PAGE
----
“You Can’t Just Slap Some Fabric Together And Call It A Dress”: 30 Designs So Bad, They Deserved To Be Shamed On This Facebook Group (New Pics)
When it comes to fashion, we like to think we’ve got an eye for what works… and what doesn’t. You’ve got to put your confidence on first! Wear your clothes—don’t let them wear you! And, please, for the love of God, have a style-savvy friend you can turn to for an honest opinion about your outfits.
‘You can’t just slap some fabric together and call it a dress’ is a wonderfully funny and magical corner of the internet that documents an interesting phenomenon: the utter absence of fashion sense. Members of the Facebook group gently poke fun at strange dress designs that really don’t work.
Stroll (or is that scroll?) down the runway for some truly mind-boggling designs, Pandas! If these won’t make you say, ‘Oh, honey, no!’ nothing will. Which dresses did you think might haunt you in your nightmares? Were there any items of clothing that you actually liked? Tell us all about it in the comments. Just remember: it’s perfectly fine to critique the dress, but don’t ever make fun of the person wearing it!
In the mood for some more fashion disasters to chase away the blues? We’ve got you covered, Pandas! Check out Bored Panda's earlier features about ‘You can’t just slap some fabric together and call it a dress’ right over here: Part 1, Part 2, and Part 3.
Oh- Oh My
We got in touch with Lynn Taylor, the CEO at Behind the Buckle, and she was kind enough to answer our questions about fashion, and how the industry might change in the current economic climate. She highlighted the fact that if fashion isn't fun, it isn't fashion! Taylor is also a bestselling author, workplace expert, and blogger for Psychology Today.
She pointed out that there's still "some lingering uncertainty" as to whether or not the United States will enter a recession. However, "various fashion trends are now at play because of inflation—and a more cautionary environment," she told Bored Panda.
- "Price matters—Shoppers will place more emphasis on value and be more aware of price and discounts in the coming months. While consumer spending has dipped somewhat, the overall sentiment has been relatively strong. We could get a respectable holiday bump. Still, with the unsettled nature of what lies ahead, consumers will pay greater attention to sale items and focus on value for each dollar spent.
- Repurposed garments—With an eye toward sustainability, they will become more creative in repurposing more of what they already own. More people will be taking a closer look at their closet, for the gems they’ve overlooked as well as new combinations. In an eco-friendlier world today than ever before, they will be more open-minded to wearing apparel they might have dismissed earlier.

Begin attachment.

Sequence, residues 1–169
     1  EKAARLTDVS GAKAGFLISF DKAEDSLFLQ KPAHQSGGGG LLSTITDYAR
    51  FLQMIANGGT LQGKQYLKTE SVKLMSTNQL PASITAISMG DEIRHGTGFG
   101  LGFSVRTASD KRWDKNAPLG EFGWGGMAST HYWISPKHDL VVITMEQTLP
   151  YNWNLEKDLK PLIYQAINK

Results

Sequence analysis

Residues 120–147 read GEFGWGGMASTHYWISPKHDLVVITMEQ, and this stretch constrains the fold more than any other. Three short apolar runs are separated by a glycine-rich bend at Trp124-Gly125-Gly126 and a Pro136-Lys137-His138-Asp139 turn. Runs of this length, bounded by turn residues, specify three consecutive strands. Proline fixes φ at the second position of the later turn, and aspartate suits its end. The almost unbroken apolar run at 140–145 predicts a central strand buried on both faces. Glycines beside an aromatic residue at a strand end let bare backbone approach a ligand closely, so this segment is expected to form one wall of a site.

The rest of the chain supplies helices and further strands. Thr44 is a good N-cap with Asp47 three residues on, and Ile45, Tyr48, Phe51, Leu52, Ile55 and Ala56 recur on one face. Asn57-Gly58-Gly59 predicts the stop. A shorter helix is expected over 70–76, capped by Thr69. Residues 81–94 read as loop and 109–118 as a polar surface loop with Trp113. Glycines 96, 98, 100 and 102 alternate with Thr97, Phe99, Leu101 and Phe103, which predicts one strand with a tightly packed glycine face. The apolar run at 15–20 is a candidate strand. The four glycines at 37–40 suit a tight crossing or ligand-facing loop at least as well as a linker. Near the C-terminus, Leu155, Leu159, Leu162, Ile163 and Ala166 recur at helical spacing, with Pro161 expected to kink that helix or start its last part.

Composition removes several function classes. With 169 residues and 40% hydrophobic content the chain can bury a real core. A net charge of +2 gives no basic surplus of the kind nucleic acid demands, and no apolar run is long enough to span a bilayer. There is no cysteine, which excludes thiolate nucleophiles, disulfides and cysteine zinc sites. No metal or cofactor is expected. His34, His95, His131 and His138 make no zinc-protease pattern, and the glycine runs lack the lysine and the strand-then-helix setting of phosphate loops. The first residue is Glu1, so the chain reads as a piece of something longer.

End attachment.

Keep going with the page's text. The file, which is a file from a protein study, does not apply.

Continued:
- Classic and basic—People will be more inclined to buy the basics, which will last and allow for maximum options as they mix and match separates. Smart shoppers will be looking for basic colors that offer maximum flexibility. For example, classic blue jeans, black pants, blazers, and garments that can be coordinated with ease.
- Accessories are big—Shoppers will look to accessories to make their wardrobe pop, create more multiple looks, and embrace their individualism. They realize that great shoes, belts, and the right jewelry can dramatically and affordably change their look. An example of repurposing your jeans with an accessory is at Behindthebuckle.com—where we patented a fashionable belt that allows you to repurpose tight and loose jeans with a hidden waist-adjusting feature. We’ll see more products like this that salvage your wardrobe.
- Resale will grow—Consumers will continue to buy second-hand clothing and visit thrift shops, as socially conscious purchases gain steam. Mainstream brands are now entering the resale market. Since the pandemic, this market has grown impressively. Shoppers also have more of an 'anything goes' mentality since the pandemic. They see opportunities to be more unique when exploring 'pre-loved,' one-of-a-kind garments."
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Meanwhile, Bored Panda wanted to get Taylor's opinion on what exactly the phrase that we should wear clothes, not let them wear us, entails.
"Focus on what looks and feels best for you. Love what you wear. You don’t want your wardrobe 'to walk in before you do.' It should be part of you. If you’re just trying to fit in with everyone else, don’t do it. If it looks mediocre on you, don’t buy it. If you’re over-enamored with the brand itself but not the actual look, think twice," Taylor, from Behind the Buckle, said.